Pics Of Pain—Toss Or Keep?

 
 

It was a lovely day. Our daughter looked beautiful in her white dress, made just for her by a childhood friend out of the base of her new mother-in-law’s wedding dress (“something old”). We had a celebration the night before under the stars of a summer night with friends, family and all the hopes in the world. There were toasts, happy pictures and an unforgettable video captured our daughter as she sang a lovely song to her groom. We had reason for optimism that day—we liked this new son-in-law, and they seemed happy in their lives together.

Fast forward three years later and we received the tearful and devastating news from our daughter over the phone—her husband had left her. No debate, no discussion, no warning. The news was a shock and a disappointment from what we thought we knew of him. Of course, we were most concerned about our daughter. Such a heartbreak. I immediately went through FB and deleted every photo. Then I went through the house and pulled the pictures and gathered every photo book. In the grief and anger of the moment I wanted to burn them all. However, it was more than I could bear given my daughter was in all those pictures, so I stored them away instead.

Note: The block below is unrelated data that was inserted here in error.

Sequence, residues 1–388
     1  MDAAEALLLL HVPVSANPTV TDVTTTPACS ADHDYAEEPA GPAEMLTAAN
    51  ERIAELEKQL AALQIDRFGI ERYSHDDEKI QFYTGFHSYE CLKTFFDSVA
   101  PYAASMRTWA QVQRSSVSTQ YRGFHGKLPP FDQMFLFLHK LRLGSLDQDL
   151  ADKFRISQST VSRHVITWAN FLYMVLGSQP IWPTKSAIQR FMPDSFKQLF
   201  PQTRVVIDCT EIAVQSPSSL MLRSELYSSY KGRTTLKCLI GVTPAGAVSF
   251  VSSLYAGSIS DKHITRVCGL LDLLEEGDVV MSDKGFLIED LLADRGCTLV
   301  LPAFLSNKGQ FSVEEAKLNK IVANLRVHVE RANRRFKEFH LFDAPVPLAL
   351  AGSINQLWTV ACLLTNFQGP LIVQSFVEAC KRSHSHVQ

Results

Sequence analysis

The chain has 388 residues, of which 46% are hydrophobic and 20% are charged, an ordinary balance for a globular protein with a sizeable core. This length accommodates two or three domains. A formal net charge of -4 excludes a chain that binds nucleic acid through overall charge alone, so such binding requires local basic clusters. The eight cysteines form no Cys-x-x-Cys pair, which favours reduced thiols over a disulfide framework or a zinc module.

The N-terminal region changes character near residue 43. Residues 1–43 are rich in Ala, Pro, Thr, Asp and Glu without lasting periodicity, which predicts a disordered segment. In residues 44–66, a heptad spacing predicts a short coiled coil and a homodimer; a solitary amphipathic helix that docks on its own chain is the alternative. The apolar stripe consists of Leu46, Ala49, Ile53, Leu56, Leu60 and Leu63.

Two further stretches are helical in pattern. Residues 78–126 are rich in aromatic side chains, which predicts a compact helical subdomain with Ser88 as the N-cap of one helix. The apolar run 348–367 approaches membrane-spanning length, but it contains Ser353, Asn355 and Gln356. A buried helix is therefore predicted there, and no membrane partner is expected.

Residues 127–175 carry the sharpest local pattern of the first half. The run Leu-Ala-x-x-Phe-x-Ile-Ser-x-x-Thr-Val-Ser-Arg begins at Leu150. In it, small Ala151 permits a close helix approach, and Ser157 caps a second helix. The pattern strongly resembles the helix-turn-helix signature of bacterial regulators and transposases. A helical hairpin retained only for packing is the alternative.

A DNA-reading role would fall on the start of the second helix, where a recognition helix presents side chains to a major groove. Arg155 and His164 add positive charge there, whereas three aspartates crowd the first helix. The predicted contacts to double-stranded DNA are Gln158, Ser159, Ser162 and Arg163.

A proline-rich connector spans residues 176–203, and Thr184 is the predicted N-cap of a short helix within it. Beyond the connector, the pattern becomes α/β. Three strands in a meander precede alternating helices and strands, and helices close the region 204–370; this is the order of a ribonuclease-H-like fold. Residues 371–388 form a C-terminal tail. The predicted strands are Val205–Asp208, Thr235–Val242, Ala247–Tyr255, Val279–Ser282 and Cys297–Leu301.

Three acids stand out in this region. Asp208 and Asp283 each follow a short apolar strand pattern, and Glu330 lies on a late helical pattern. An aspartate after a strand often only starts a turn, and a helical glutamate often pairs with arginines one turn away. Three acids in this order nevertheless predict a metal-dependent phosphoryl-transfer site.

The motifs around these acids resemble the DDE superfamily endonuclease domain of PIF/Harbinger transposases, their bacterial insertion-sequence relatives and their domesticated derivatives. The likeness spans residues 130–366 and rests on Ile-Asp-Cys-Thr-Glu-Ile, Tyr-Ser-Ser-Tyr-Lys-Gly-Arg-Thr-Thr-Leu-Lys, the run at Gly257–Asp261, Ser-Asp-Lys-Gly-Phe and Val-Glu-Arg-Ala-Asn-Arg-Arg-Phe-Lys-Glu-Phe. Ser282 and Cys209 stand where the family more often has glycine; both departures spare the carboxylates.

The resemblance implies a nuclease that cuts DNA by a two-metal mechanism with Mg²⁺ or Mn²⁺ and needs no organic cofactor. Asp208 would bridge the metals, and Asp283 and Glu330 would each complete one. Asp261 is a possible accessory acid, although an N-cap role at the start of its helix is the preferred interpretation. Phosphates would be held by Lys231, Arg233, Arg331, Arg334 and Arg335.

It’s been two years and the wounds are mostly healed, and I’m so very proud of my daughter. She took the lemons of a situation and generated lemonade. She moved on to create a beautiful life and showed resilience in the face of the situation to create her wonderful present. Perhaps, as her mother, I did something right.

Every so often, the box of pictures stored in a closet reminds me of this transition. I’ve decided not to destroy the evidence of the life lesson. After all, it was a lovely happy moment, and she looked beautiful. Perhaps someday as my daughter continues to grow in strength and wisdom, falls in love, and perhaps even has a child, there will be a day we pull the photos out and reflect on the time. We’ll enjoy how lovely she looked and even think wistfully of how things really worked out for the best.

The images will be there. Of course, they will never be on the mantel or on a wall, but they are markers of an event, and more importantly of the events that transpired afterward which were so much happier and more exciting.

How do you deal with your photos that document painful events of your life? Do you store them for later reflection or destroy them to be forgotten along with the memory itself?